Queen 2002 – Brian On The Roof
“Queen The Greatest”: a celebration of 50 of the greatest moments from the Queen story so far. A 50-week YouTube series celebrating key moments in Queen’s history reminding us why Queen and their music continue to be loved across the world.
“…then I thought ‘Oh God, I’ve got to do it now!’ The enormity of what I’ve suggested comes through to me and I think, ‘Oh my God, can I really do this thing?’” Brian May
Queen The Greatest Episode 47. Queen 2002: Brian May On The Roof
Brian May looks back at the moment when an unusual request from Buckingham Palace turned into one of the most iconic sights in music history.
An invitation in 2002 to attend Buckingham Palace to celebrate Queen Elizabeth II’s Golden Jubilee would provide Brian May a heady opportunity to perform one of the most iconic and memorable live performances in rock history.
Queen The Greatest this week features the extraordinary moment that saw – Brian On The Roof.
In a new interview, Brian talks about that etched-in-time moment when he appeared high among the battlements of the roof of Her Majesty’s primary residence to perform a guitar solo to millions across the world. Not to mention performing it before some of the greatest names in music assembled for the concert line-up.
In 1975, Brian May’s arrangement of the British National Anthem, God Save The Queen, appeared as the closing track on the seminal A Night At The Opera album. And from that point onwards, a recording of the track has brought the curtain down on every Queen concert.
However, it was a piece the band never performed live, until an opportunity to change that came 27 years later.
In 2002, to mark Queen Elizabeth’s Golden Jubilee, Roger and Brian were invited to perform in a special concert as part of a lineup that was packed full of Rock and Roll royalty, and the organisers also had a special request for the opening number…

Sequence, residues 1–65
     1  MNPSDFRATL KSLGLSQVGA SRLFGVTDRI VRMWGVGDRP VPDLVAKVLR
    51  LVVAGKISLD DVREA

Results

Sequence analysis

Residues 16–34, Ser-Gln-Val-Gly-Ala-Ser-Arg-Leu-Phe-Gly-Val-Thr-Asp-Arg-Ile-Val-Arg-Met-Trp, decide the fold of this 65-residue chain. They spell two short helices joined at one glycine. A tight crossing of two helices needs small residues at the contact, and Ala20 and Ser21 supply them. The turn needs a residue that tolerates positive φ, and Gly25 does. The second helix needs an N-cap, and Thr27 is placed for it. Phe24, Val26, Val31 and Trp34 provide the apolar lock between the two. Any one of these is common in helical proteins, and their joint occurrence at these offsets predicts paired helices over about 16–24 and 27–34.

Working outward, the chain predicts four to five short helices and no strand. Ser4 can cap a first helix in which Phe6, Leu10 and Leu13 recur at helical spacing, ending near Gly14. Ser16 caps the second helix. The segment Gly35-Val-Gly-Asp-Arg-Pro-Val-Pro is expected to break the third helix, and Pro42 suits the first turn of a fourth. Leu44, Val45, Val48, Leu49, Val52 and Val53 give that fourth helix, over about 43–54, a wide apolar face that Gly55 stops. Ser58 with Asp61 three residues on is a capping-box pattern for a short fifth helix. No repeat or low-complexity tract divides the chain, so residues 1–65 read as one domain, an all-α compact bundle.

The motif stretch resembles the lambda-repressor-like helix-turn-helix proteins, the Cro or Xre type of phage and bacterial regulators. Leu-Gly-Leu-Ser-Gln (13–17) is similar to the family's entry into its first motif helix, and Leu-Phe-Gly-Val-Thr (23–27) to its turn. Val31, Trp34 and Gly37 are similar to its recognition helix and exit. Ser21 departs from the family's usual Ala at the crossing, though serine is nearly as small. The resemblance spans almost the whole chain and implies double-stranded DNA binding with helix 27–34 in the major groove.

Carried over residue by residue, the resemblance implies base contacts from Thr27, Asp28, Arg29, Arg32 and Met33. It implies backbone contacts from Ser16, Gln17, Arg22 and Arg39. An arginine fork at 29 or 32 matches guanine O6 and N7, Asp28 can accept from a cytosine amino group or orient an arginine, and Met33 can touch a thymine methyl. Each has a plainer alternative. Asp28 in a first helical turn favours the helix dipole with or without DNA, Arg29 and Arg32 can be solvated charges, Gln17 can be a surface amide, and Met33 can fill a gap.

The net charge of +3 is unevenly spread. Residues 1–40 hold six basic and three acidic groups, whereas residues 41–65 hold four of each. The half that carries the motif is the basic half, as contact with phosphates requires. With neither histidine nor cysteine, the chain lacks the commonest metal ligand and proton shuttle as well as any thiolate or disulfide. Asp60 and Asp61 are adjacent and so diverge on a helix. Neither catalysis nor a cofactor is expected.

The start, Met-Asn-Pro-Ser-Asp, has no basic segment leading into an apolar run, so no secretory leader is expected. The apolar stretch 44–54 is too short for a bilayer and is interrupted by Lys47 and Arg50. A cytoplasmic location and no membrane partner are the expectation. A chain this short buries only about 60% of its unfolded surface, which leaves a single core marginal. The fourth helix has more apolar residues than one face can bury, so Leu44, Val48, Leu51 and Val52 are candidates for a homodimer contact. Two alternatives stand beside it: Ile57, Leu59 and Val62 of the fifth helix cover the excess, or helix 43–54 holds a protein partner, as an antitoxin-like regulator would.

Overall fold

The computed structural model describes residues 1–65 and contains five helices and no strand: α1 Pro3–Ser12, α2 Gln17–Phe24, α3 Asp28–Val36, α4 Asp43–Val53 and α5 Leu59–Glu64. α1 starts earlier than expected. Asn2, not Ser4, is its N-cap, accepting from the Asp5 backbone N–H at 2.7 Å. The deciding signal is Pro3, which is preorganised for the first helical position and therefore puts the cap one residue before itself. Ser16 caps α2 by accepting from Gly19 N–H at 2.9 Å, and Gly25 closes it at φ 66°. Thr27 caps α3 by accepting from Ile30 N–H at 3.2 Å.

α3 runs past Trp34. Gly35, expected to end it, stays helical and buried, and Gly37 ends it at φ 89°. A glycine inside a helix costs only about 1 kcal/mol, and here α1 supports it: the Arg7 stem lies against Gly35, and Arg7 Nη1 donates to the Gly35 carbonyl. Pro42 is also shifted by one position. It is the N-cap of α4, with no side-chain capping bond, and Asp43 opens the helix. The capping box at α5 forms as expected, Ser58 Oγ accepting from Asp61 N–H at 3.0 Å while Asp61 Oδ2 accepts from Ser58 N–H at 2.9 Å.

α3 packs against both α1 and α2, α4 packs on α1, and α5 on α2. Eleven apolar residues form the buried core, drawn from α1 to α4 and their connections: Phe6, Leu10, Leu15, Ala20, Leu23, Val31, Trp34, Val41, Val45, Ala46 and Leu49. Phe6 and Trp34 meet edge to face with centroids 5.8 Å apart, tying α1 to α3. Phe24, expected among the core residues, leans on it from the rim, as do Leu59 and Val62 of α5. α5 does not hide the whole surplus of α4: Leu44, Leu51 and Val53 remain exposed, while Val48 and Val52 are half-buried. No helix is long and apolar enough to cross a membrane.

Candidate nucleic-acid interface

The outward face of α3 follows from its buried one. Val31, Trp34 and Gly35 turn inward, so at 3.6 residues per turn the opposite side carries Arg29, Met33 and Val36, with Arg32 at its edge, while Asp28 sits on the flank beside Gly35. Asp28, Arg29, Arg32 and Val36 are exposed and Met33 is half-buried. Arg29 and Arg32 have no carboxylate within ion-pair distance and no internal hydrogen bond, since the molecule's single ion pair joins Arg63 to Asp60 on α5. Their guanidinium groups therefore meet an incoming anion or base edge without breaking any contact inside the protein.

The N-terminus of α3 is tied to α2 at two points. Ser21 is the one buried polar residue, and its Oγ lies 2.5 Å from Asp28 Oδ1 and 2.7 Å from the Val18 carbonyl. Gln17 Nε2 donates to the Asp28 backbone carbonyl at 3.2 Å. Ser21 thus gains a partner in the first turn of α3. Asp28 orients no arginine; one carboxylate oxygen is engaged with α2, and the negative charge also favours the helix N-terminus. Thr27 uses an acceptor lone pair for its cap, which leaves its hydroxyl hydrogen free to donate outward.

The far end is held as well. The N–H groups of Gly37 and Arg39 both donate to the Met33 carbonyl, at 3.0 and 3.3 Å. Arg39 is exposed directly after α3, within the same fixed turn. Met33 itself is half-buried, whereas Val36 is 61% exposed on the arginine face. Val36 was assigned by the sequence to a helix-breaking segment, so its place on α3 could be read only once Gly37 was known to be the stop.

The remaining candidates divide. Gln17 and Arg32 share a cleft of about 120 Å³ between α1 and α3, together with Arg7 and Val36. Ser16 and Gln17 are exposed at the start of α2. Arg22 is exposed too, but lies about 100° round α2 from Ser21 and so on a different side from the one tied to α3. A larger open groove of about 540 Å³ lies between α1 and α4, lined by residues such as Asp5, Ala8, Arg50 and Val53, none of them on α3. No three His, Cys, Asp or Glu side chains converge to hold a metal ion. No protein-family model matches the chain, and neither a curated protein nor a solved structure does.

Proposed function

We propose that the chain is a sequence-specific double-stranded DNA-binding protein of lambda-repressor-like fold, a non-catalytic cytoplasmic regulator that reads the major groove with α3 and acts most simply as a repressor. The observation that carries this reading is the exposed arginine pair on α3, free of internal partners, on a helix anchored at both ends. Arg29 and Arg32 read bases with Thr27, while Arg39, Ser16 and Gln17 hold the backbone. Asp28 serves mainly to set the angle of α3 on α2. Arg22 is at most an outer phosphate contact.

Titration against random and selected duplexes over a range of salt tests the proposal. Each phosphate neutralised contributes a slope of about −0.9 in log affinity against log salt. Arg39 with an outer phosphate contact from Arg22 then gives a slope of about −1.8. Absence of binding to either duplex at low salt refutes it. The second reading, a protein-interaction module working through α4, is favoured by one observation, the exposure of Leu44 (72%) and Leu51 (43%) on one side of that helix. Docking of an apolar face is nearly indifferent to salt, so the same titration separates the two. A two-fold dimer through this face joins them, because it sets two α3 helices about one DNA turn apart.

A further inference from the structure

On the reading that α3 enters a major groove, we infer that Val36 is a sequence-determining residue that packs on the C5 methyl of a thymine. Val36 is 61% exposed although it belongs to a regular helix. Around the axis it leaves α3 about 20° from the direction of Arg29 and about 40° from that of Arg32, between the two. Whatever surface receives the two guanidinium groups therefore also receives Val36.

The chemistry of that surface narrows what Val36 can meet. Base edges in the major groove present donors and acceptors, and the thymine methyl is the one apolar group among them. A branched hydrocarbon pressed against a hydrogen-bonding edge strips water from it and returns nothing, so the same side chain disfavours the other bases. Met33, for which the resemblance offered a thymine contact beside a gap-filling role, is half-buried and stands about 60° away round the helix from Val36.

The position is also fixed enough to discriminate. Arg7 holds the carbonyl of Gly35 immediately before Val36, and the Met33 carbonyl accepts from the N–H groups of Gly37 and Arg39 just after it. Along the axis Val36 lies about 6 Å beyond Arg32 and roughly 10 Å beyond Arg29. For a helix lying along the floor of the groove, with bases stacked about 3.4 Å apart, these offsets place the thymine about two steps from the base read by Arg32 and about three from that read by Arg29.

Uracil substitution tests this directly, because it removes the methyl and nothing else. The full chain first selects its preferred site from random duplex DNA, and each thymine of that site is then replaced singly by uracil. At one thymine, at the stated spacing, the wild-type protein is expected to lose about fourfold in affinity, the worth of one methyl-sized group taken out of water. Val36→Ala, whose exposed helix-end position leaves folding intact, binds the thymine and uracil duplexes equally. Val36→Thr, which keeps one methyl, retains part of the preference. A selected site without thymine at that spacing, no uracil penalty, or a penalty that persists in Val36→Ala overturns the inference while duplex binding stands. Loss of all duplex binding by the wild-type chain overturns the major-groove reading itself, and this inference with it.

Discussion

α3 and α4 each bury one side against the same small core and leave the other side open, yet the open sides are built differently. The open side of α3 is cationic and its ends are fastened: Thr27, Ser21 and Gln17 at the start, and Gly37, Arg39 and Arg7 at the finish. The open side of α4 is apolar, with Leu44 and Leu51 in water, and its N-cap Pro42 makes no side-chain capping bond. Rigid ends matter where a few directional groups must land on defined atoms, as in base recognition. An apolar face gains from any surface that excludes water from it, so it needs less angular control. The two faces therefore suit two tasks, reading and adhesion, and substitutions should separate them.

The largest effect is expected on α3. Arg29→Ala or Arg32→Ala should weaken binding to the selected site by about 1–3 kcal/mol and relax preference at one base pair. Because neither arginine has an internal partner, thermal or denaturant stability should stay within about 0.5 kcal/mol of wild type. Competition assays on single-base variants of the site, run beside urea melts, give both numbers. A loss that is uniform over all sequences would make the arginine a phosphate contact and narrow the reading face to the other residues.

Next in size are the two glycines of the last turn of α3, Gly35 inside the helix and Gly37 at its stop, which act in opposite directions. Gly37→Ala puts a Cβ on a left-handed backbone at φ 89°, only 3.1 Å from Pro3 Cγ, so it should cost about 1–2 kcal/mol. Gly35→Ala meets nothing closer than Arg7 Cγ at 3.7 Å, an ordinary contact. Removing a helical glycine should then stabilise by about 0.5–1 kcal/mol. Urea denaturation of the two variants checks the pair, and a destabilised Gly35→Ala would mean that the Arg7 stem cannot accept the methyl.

Brian May: “They said originally, would you come and play a version of God Save The Queen, strolling through the state rooms of Buckingham Palace and in the style of Jimi Hendrix? Now there’s a few things in that I didn’t feel comfortable about. I mean, trying to be Jimi Hendrix is one of them.”
“And then I had this thought, I remember waking up with the thought the next day, and I thought where I need to be is not strolling through Buckingham Palace rooms, but up the top. I need to be on the roof. I need to be the lone piper who’s been up there for the last 50 years in wind and rain. Grizzled old campaigner still playing. So I rang them up and suggested it and they went, Yeah, OK.”
“That is the moment which sticks in my mind because then I thought ‘Oh God, I’ve got to do it now!’ The enormity of what I’ve suggested comes through to me and I think, ‘Oh my God, can I really do this thing?’”
As well as the prospect of facing a television audience of 200 million, the logistics of not only playing from the lofty heights of the Palace roof but syncing with an orchestra on stage 80 feet below in the Garden presented some daunting challenges.
Brian May: “Of course, we went up there, on the day, and nothing worked, I couldn’t get a feed from the orchestra. I couldn’t see Michael Kamen who was conducting, because the little TV they put up there was too shiny and you couldn’t see because there’s too much daylight, etc., etc. Nothing worked. Except my amps and me, as Pete (Malandrone, guitar technician) had done a great job.”
Brian May: “I had these three AC-30’s in my face. It sounded colossal, huge up there. And then eventually, only a couple of hours before I was due to go up there, we managed to get the feed from the orchestra.”
Brian May: “So I had big speakers with orchestra on one side of me. Big speakers of my amps on the other side. It was an amazing feeling, I must say, the most incredible, energizing moment. But of course, terrifying. And the combination of that was just electrifying. I remember thinking, if this works and I pull this off, I will never, ever be scared again.”
The Golden Jubilee celebration concert is considered by many as the greatest concert in Britain since Live Aid and the most impressive collection of musicians ever on a single-stage featuring Paul McCartney, Elton John, Eric Clapton, Rod Stewart, Annie Lennox, Joe Cocker, Ray Davies, Bryan Adams, Brian Wilson, Steve Winwood, and of course, Queen, among them.
Next week: Queen At The Movies – Take 3: Bohemian Rhapsody